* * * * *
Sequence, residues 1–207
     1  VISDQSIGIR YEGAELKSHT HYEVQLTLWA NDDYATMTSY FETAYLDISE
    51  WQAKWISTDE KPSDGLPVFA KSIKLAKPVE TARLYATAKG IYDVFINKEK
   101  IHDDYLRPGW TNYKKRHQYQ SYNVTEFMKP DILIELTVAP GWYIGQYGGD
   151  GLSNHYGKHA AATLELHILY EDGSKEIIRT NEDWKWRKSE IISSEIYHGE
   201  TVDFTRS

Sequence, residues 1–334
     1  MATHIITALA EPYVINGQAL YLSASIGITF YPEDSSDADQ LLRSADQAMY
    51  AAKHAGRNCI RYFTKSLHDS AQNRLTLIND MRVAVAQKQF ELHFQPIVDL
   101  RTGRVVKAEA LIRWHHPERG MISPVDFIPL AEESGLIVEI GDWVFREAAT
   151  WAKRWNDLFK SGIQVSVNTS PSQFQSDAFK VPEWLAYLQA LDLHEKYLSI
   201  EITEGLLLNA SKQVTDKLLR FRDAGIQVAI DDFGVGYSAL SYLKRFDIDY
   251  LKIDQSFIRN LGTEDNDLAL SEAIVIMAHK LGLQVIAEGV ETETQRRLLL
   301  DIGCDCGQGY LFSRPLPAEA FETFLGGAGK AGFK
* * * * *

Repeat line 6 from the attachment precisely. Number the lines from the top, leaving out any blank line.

   201  TVDFTRS